New York, March 7: After a selection process that many likened to the election of a new pope, McKinsey & Co announced on Thursday that its partners had chosen a new leader Ian Davis, the head of the firm’s British office, will take over as managing director in July.
During his three-year term, Davis will guide the firm as it copes with continuing economic uncertainty and clients’ reluctance to spend on costly consultants. McKinsey consultants will face increasing pressure on two fronts: from IBM, Accenture and other companies that have large consulting businesses with deep pockets and technological expertise, and from more traditional rivals like Bain & Co, the Boston Consulting Group and Booz Allen Hamilton.
How the firm responds will be closely scrutinised by its competitors and clients, many of whom say they regard McKinsey — the training ground for prominent chief executives like Philip Purcell of Morgan Stanley and Leo Mullin of Delta Air Lines — as a model and bellwether.
“The industry is at this point of departure and I think McKinsey, as the leader of the industry, is at a point of departure as well,” said Tom Rodenhauser, president of Consulting Information Services in Keene, N.H.
“There’s a lot of turmoil internally as to where McKinsey is headed.”
The selection of Davis to succeed Rajat Gupta, who served as McKinsey's managing director for three, three-year terms, may portend a shift in the firm's strategy. In the 1990s, Gupta oversaw a rapid expansion in the size of the firm and the reach of its offices. Some partners have worried that it may have grown too rapidly for its traditional, partnership structure.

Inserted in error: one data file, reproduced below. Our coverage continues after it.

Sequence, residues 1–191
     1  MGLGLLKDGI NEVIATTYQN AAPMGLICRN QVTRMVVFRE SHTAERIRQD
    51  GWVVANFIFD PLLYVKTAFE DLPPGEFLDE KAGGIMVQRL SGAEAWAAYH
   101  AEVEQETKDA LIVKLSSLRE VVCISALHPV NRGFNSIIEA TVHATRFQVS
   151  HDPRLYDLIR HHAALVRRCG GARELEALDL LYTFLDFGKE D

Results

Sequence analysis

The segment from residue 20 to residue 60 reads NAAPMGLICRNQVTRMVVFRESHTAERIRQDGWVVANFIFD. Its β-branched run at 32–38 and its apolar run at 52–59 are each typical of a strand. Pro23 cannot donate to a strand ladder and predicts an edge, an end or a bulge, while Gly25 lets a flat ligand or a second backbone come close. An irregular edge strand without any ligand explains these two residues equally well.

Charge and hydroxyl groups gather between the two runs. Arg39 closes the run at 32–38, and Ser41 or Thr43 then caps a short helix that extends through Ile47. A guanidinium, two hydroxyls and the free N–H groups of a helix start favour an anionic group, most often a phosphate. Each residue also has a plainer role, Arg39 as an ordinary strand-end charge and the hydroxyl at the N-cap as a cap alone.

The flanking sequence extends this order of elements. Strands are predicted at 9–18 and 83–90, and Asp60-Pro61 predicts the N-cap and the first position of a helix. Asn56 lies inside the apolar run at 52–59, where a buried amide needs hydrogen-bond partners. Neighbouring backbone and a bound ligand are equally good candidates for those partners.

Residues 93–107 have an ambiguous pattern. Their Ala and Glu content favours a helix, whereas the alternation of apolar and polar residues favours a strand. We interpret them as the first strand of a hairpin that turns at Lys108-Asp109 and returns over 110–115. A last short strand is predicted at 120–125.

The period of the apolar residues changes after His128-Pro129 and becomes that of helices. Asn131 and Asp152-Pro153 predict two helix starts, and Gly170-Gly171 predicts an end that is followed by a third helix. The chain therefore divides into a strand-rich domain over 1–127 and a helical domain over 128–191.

Several people at the firm noted that Davis emphasised McKinsey traditions in a statement on Thursday.
“To build on Rajat's accomplishments, we need to stay focused on our core mission and values, which have nourished McKinsey’s success over the last seven decades,” Davis said in the statement. “Our commitment to our clients and our people are at the heart of everything we do.”
Consultants’ credibility in general has been undermined by corporate scandals at companies they advised and by the bursting of the technology bubble. McKinsey’s association with Enron, a much-touted client before its collapse in December 2001, “cast a little bit of doubt” on the firm, said Rodenhauser.
Corporate spending on consulting services has slowed sharply in recent years, rising barely 3 per cent, to $ 126.6 billion in 2001, from $ 122.9 billion the previous year, according to Kennedy Information, which tracks the industry. McKinsey, which is privately held, had $ 3.3 billion in revenue last year and the same amount in 2001, Kennedy estimates, down slightly from $ 3.4 billion in 2000.
As a result of tougher economic times, McKinsey has become much more selective in its hiring. It is still a highly desirable destination for business school graduates. It has also become more aggressive about advising associates to leave the firm — a process known as “counselling out” — in an effort to slow growth or, in some offices, to shrink, associates at the firm say. Overall, the firm employs about 7,000 consultants, down from 7,200 a year ago.